Klinsmann could redefine U.S. team's philosophy at all levels
Jürgen Klinsmann is a strong advocate of playing very attacking soccer
Klinsmann's philosophy will help reshape the U.S. senior and youth national teams
Some consider Klinsmann more suited to a national team job than club team
And so, after saying no twice in the past five years, Jürgen Klinsmann finally said yes.
Klinsmann, the German playing legend and coach of Germany's 2006 World Cup semifinalists, was named the new coach of the U.S. men's national team on Friday, replacing Bob Bradley. And while Klinsmann can only select the U.S. players at his disposal, one thing is certain: We have entered a new era of U.S. Soccer, one that will be defined by Klinsi's undeniable charisma and his desire to shape the team into a recognizable American style.
"The U.S. is known worldwide as a melting pot," Klinsmann told me last year. "Soccer in a certain way transmits the culture of a country ... You have the Latin influence [in the U.S.]. You have the cultural backbone of your university system, which is completely different from the rest of the world. You have the fact that it's mostly organized soccer, when we know that the best players in the world come out of unorganized events. I think it's a fascinating topic."
Success is hardly guaranteed here, but that's what will be so fascinating about Klinsmann's tenure: Major changes are in store for a U.S. team that has gone through minor, incremental changes for as long as anyone can remember. That malaise that U.S. Soccer has been in since World Cup '10? You can kiss that goodbye.
What kind of a style will we see the U.S. adopt under Klinsmann? "My philosophy is an attacking style of football," he told me last year. "That's just the way I think, and it's how I built the German team for the 2006 World Cup over two years, which was highly criticized over a long stretch of time, and then they embraced it. It's a style of play that takes time to implement, and you need the environment that gives you that time."
Besides his experience at the highest levels, Klinsmann's greatest attribute is his optimism, and yet there's a big difference between giving good sound bites that fans want to hear and achieving real results on the field. Klinsmann talks a great game and will draw attention to U.S. Soccer in ways the stoic Bradley never could, but will Klinsi and his staff (which has yet to be named) be able to back up that talk and revolutionize the U.S. team? Will he be able to fit these U.S. players into the attacking style he wants?
"This is a difficult discussion," he said last year. "What players do you have available? Where do those players come from? What is the style of play that they fit into? You can't just say I love to play attacking football and a Brazilian type of football if you don't have the players to do that."
"At the end of the day you need to have success to move this sport forward. I think the U.S. is a nation that wants to always be No. 1 in the world. It's the leader in so many areas, and in a certain way you're almost forced to be proactive in your approach to how you do things. They're not waiting always until the other countries do something. They just do it."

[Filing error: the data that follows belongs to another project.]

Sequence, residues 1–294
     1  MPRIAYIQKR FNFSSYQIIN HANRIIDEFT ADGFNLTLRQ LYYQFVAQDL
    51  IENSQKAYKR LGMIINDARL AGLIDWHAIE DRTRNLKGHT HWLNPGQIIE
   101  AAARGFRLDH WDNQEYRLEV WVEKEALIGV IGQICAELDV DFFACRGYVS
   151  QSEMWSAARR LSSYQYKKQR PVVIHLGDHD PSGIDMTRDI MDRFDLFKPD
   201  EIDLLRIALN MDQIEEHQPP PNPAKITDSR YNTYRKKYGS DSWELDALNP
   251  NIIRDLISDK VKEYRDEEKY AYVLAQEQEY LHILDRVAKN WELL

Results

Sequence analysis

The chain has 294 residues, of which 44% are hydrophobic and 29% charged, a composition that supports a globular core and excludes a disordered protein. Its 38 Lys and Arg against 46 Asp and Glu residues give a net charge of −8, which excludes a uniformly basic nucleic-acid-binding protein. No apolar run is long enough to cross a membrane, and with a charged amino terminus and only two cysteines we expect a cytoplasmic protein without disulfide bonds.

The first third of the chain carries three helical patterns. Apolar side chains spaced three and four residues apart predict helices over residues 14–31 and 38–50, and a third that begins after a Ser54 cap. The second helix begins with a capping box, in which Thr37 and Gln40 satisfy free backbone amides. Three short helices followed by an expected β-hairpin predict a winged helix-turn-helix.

The timing of Klinsmann's hiring gives him the chance to reshape not just the senior team, which doesn't have any meaningful games until World Cup qualifying starts next June, but also the U.S. youth system. The U.S. has vacancies right now in the U-23 (Olympic) team and the U-20 team, and you can be certain that Klinsmann will be on the same wavelength with Claudio Reyna, the U.S. youth technical director who just devised a new coaching curriculum for youth coaches around the country.
Control has always been at the heart of Klinsmann's previous refusals to take the U.S. job, so you can be certain that he will have more control than any of his predecessors. Much will depend on the coaches he names to his staff. As the Germany coach in '06, Klinsmann delegated most of the tactical duties to Joachim Löw, who was thought by many to be the brains of the operation. Löw replaced Klinsmann at the helm and led Germany to the semifinals in last year's World Cup as well.
Let's be honest: Handing Klinsmann the keys to U.S. Soccer is an exhilarating moment for many fans and probably several players, but it's also a big risk. Klinsmann's reputation in Germany these days is not good at all after he spent less than a season at Bayern Munich in 2008-09 before being fired by the club's powerful board. Several players said Klinsmann lost the locker room, and I'm told that he would have a hard time getting a job in Germany again.
When I asked Bayern president Uli Hoeness last year about Klinsmann, this is what he said: "I still think that Jürgen could be a good coach for a national team. I'm not so sure anymore if he's a good coach for a [club] football team. Jürgen is a free spirit who needs his time out, you know ... In the national team you have your day off, your weeks off, your weekend, and that is for his character very important. With us I had the impression that was not the right thing for him. I could easily imagine if he's taking [a national-team job] as he was with Germany, it was a super time. I still believe that could work."
Now, after five years of pursuing Klinsmann, U.S. Soccer finally has its man. Will it work? Who knows? For now it's enough to know that the possibility of smashing success or spectacular failure has provided a stale U.S. team with a jolt of electricity.